Demonstrators march during a protest against coronavirus pandemic regulations in Berlin, Germany – Shutterstock
German police Saturday halted a march by some 18,000 coronavirus sceptics in Berlin because many were not respecting social distancing measures.
The mass protest against pandemic restrictions had been allowed to go ahead after a bitter legal battle.
But it had barely begun at 9am GMT at the city’s iconic Brandenburg Gate, when it was forced to stop due to a police injunction.
“The minimum distancing is not being respected by most (of the demonstrators) despite repeated requests,” the police said. “There is no other option than to break up the gathering.”
After the announcement, the demonstrators shouted “Resistance” and “We are the people,” a slogan often used by the far-right, and sang the German national anthem.
Police had vowed to turn out in force and strictly monitor compliance with mask-wearing and social distancing at the protest.
Berlin police chief Barbara Slowik had warned that if the demonstrators did not adhere to virus safety rules, police would clear the area “very quickly”.
“We will not be able or willing to watch tens of thousands assemble and create infection risks,” she added.
Berlin city authorities had previously decided not to allow the Saturday demonstration to go ahead, fearing that the estimated 22,000 protesters would not keep a distance of 1.5 metres (five feet) apart or comply with face mask requirements.
The ban sparked outrage from organisers and their supporters who flooded social media with angry messages vowing to protest anyway, with some even calling for violence.
But on the eve of the demo, Berlin’s administrative court sided with the demonstrators, saying there was no indication that organisers would “deliberately ignore” social distancing rules and endanger public health.
A crowd, including people of all ages and families with children, had gathered Saturday morning at the Brandeburg Gate, the starting point for the march.
The protesters waved German flags and shouted “Merkel must go!”, a chant often used by the far-right Alternative for Germany (AfD) party against Chancellor Angela Merkel.
“I’m not an extreme right-wing sympathiser, I’m here to defend our fundamental freedoms,” said Stefan, a 43-year-old Berlin resident with a shaved head and a T-shirt with the words “Thinking helps” written in large print.
“We’re here to say: we have to be careful! Coronavirus crisis or not, we must defend our freedoms,” Christina Holz, a 22-year-old student, told AFP.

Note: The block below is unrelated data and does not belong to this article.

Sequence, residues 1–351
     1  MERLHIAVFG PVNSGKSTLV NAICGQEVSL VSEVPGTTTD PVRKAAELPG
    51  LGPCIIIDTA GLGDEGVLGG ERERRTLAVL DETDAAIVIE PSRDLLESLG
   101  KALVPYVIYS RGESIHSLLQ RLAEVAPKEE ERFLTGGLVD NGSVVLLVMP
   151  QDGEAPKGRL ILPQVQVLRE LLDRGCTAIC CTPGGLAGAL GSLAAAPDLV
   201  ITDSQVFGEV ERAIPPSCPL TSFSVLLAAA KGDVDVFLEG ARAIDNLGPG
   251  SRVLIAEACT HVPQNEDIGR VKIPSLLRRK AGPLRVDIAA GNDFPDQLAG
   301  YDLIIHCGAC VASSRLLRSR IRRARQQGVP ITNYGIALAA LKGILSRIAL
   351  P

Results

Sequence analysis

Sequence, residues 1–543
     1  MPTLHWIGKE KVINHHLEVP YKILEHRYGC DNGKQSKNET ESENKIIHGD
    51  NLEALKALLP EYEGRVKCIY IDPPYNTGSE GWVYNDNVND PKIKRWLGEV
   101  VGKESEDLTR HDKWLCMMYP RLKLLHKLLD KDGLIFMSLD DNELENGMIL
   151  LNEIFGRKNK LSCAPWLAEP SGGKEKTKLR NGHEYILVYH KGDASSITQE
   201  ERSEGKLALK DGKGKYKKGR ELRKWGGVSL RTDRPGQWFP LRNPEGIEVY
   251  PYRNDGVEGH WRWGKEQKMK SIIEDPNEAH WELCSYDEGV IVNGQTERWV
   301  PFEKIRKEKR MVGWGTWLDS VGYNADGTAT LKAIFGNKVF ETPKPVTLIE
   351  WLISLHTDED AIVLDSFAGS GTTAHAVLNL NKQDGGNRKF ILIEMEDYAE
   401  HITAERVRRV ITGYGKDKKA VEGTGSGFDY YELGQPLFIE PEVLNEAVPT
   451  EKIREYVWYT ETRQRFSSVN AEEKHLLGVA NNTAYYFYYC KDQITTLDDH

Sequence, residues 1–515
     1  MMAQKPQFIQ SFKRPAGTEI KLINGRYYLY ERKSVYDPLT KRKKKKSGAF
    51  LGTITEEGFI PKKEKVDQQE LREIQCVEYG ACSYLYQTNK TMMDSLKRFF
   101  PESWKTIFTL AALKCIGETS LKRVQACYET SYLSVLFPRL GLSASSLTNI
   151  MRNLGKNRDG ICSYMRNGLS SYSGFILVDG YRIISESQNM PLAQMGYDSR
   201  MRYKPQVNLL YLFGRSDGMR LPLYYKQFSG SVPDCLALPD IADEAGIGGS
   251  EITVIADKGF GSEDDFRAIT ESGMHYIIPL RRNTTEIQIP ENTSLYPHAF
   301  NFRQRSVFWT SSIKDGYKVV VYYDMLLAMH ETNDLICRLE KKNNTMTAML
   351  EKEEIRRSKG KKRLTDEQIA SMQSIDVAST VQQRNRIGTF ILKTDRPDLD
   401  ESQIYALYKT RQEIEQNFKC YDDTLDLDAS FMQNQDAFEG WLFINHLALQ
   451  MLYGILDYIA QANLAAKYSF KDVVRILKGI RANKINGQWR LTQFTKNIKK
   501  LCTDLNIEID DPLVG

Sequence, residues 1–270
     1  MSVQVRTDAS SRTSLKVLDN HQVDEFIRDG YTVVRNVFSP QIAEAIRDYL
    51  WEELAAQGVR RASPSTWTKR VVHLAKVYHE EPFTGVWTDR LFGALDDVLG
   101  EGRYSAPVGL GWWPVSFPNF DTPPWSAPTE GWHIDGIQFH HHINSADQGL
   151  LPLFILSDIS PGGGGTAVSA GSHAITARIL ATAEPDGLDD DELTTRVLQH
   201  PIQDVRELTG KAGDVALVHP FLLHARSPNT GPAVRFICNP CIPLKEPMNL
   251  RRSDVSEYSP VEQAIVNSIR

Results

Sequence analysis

Around 3,000 police officers, including 1,000 federal police, were scheduled to be deployed for the demonstration, alongside specialist equipment including water cannon, Slowik said.
The rally came as coronavirus cases continue to rise in Germany, with daily new infection numbers reaching highs not seen since April.
At a press conference on Friday, Merkel said confronting the virus will become more challenging in the coming autumn and winter months.
Merkel and the leaders of Germany’s 16 federal states on Thursday introduced tougher coronavirus restrictions to curb the pandemic, including a minimum 50 euro fine for people caught not wearing face masks where one is compulsory.
“We will have to live with this virus for a long time to come. It is still serious. Please continue to take it seriously,” Merkel warned.
The court decision to allow the protest shines a light on the battle lines being drawn up between those who are content to follow government-mandated protection measures and those who believe that governments shouldn’t be able to dictate how people live.
At the start of August, a similar “anti-corona” march in Berlin took place with 20,000 protesters, a mixture of the hard left and right, anti-vaccination campaigners, conspiracy theorists and self-described “free thinkers”.
Police broke up the protest early after participants repeatedly flouted Covid-19 safety regulations.
The far-right welcomed Friday’s court ruling allowing the latest demo to go ahead, with Leif-Erik Holm, a lawmaker for the anti-migrant AfD party, calling it “a victory for freedom”.
But several groups intend to stage counter-demonstrations to the main protest.
Anne Helm from the left-wing party Die Linke and an MP in Berlin’s parliament, said: “There must be no tolerance towards racists, anti-Semites, right-wing extremists and Nazis. That is why I call on all Berliners to take part in the counter-events.”
Several countries around the world have seen protests against coronavirus restrictions and lockdown measures in recent months.